Talking tech since 2003

Yesterday, Google officially confirmed that it was bringing its high-speed, low-cost fiber-optic network to four more US metros in the coming months, which will span 18 new cities total: Charlotte, Nashville, Raleigh-Durham, and Atlanta. What, no love for Minneapolis?

The news comes via a post on the Official Google Blog, in which the company makes the announcement of its expansion plans. The first step is going to be planning and engineering, and then the actual installation will kick off in a few months:

“Bringing Google Fiber to these cities is a long-term investment. We’ve been working closely with city leaders over the past year on a joint planning process to get their communities ready for google Fiber – and now the really hard work begins. Our next step is to work with cities to create a detailed map of where we can put our thousands of miles of fiber, using existing infrastructure such as utility poles and underground conduit, and making sure to avoid things like gas and water lines. Then a team of surveyors and engineers will hit the streets to fill in missing details. Once we’re done designing the network (which we expect to wrap up in a few months), we’ll start construction.”

Two of those metro areas, as you may have noticed, are located squarely in North Carolina. The other two – Nashville, TN, and Atlanta, GA – are also in the general vicinity, at least on the grand US-map kind of scale. I’d love to know what kind of data plays into Google’s decision-making process in terms of which cities get considered. The post also adds some details about what cities might be lucky enough to receive Google’s fiber-optic largesse next: Phonix, AZ, Portland, OR, Salt Lake City, UT, San Antonio, TX, and San Jose, CA.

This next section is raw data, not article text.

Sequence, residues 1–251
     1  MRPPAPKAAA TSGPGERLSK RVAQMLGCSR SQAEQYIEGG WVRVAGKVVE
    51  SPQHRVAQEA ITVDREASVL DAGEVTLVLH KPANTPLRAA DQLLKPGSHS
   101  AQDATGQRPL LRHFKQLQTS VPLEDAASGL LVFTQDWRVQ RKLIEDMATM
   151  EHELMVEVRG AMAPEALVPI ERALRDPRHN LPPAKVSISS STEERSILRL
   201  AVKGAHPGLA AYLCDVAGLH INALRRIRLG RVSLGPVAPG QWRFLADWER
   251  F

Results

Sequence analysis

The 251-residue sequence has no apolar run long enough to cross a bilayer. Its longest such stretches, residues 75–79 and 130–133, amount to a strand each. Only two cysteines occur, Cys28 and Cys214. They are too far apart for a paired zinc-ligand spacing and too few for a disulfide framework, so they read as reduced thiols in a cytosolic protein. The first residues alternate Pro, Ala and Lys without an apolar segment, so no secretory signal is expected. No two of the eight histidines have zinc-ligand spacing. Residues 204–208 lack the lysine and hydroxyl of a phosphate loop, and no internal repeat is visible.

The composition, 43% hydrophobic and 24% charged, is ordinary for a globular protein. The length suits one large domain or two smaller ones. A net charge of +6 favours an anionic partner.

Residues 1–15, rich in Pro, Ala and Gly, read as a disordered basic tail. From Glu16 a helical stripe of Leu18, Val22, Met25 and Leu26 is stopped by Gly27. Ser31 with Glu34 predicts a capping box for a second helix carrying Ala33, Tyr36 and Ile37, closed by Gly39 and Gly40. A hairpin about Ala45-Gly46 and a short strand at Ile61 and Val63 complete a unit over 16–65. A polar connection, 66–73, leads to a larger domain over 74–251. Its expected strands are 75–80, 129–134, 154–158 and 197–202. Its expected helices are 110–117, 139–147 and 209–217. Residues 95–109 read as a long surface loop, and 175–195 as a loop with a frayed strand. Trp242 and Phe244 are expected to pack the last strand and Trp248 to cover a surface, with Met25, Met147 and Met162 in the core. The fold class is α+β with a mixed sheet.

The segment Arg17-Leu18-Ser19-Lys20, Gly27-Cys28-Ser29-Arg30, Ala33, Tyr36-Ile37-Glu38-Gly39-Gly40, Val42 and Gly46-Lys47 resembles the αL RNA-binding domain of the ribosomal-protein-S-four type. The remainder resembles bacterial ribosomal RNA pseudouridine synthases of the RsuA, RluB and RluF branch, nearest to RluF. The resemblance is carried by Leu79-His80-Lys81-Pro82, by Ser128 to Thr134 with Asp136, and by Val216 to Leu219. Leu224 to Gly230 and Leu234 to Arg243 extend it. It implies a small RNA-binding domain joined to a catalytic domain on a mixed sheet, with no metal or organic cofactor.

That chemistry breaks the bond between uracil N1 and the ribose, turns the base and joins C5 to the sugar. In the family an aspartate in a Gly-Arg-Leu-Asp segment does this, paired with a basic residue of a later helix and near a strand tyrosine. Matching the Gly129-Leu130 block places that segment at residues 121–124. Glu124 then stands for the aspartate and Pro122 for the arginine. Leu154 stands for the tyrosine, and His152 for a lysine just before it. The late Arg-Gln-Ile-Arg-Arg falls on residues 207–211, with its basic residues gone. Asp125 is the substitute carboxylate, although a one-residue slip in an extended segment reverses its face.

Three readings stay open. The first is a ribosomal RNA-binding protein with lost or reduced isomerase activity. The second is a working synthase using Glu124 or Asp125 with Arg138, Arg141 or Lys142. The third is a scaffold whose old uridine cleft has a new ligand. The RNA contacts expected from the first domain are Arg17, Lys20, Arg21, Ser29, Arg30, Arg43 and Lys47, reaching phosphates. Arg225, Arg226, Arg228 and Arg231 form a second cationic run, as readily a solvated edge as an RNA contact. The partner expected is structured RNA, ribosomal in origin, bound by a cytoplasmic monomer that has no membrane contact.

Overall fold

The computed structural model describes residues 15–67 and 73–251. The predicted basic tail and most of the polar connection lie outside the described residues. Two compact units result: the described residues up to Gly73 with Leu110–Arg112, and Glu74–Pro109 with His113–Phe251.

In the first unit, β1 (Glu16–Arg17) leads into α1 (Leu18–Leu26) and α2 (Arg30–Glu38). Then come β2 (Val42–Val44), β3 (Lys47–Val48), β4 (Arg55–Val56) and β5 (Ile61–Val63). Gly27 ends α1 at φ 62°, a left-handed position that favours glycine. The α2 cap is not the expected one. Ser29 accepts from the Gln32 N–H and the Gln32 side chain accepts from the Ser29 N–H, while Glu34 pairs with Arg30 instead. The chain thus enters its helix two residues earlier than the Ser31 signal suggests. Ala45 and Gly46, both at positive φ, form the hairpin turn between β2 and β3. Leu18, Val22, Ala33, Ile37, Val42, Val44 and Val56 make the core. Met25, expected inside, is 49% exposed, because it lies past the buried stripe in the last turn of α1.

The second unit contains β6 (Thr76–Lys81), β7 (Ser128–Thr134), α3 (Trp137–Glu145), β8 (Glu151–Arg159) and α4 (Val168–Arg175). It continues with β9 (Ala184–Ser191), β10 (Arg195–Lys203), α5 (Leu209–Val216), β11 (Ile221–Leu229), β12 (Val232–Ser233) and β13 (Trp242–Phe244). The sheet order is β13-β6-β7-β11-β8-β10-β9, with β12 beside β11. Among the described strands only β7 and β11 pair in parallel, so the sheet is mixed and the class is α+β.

In the end, no matter where Google Fiber ends up, the initiative definitely puts the onus on ISPs to step up their game and provide better service and pricing to customers all over the United States. Want to avoid competing with one of the world’s most influential tech companies? Give your customers good Internet access and service. That way if Google does train its eye on your territory, you’ll already have the infrastructure in place to stay competitive.

[Official Google Blog]

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